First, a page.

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    My experience of ableism today. #Ableism

    The more I ponder today's interaction with the phone company today, the more I realize they don't train their service people in how to deal with disability. For the second time in a year I heard "sorry, we don't deal with this very often", meaning any form of communicative disability, I think. In these instances, both were hearing related, #AuditoryProcessingDisorder #CentralAuditoryProcessingDisorder #SensoryIssues #SensoryProcessingDisorder , but today, neither the guy I "talked" to (using #AACDevice ) nor the guy he phoned had a clue what was going on, what their job was, or where to look on the computer to figure out what to do! And, now that I think about it, past the first time, the guy I dealt with didn't have the sense to call, the woman who did know what to do, over to help him again, even when she was nearby!!! Maybe he's trained not to, but seriously??!! It was an experience of utter frustration for me! Never mind sensory overload, never mind near meltdown!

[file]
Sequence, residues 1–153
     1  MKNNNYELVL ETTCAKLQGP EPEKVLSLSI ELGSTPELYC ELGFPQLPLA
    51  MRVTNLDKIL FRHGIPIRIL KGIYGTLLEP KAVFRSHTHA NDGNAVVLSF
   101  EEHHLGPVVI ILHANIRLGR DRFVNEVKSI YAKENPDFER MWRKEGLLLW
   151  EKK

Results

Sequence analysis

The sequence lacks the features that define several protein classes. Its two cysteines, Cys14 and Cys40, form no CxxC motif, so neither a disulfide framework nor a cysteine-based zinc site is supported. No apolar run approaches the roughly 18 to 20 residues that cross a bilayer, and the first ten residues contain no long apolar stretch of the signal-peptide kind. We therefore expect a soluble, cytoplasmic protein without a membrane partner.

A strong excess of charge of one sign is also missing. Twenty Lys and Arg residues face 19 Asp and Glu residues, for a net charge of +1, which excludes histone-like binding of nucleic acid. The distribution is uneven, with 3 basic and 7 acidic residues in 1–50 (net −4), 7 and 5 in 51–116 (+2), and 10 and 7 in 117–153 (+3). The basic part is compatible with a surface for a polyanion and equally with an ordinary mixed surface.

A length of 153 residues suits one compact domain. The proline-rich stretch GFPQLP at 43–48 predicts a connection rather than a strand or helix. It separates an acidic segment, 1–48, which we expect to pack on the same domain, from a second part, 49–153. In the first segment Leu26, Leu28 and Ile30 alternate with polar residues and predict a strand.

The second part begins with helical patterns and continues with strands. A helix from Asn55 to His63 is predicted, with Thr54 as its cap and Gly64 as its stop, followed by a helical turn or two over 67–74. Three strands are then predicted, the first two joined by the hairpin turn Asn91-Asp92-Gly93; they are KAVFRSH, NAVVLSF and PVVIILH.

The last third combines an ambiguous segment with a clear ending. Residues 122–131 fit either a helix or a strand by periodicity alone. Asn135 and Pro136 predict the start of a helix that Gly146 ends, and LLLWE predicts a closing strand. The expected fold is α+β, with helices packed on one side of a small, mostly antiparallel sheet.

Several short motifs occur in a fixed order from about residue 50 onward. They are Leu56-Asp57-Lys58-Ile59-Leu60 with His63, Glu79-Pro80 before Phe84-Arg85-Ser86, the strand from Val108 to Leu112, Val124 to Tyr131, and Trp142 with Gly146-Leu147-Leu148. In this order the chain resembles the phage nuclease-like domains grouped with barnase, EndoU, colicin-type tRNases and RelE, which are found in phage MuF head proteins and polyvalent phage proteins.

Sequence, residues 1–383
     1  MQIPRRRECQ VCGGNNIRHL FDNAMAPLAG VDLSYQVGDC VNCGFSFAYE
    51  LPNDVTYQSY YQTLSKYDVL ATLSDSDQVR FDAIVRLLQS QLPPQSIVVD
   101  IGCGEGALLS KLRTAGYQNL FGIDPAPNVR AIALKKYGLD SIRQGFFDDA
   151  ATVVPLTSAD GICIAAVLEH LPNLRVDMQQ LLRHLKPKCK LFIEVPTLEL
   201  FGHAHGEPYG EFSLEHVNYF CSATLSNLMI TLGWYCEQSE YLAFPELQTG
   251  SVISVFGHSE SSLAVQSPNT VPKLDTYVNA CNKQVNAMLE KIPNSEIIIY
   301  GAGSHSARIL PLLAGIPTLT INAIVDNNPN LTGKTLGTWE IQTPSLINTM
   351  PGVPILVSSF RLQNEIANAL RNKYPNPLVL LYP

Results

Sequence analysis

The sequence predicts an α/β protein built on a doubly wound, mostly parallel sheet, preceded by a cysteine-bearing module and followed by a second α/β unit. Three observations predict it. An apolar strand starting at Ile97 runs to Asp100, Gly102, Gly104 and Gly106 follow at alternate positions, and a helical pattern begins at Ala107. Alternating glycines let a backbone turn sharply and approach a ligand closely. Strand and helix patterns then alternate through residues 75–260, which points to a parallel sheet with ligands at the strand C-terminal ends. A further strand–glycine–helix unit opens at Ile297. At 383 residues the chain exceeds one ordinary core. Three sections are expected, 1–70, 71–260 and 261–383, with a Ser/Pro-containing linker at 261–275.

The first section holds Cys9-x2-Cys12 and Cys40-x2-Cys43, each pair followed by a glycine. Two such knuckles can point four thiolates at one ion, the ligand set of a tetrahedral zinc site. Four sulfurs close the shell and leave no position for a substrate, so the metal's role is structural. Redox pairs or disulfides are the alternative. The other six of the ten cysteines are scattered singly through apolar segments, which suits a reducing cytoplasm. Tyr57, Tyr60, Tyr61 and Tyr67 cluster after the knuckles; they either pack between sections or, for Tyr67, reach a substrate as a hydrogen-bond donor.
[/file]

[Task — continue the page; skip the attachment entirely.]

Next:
I am recovering better than I would've even 8 years ago, and did when I got back in mom's car, but still... this should never have happened! If I'd have known they were going to be so difficult, I would've brought my tablet as it is louder, and has a bigger 'keyboard', but I had no idea they were so incompetent!!!

    #Autism #CommunicationDisorders #Disability #DisabilityRights

    4 people are talking about this
    Lydia Dawley

    Becoming a Speech Pathologist as an AAC Device User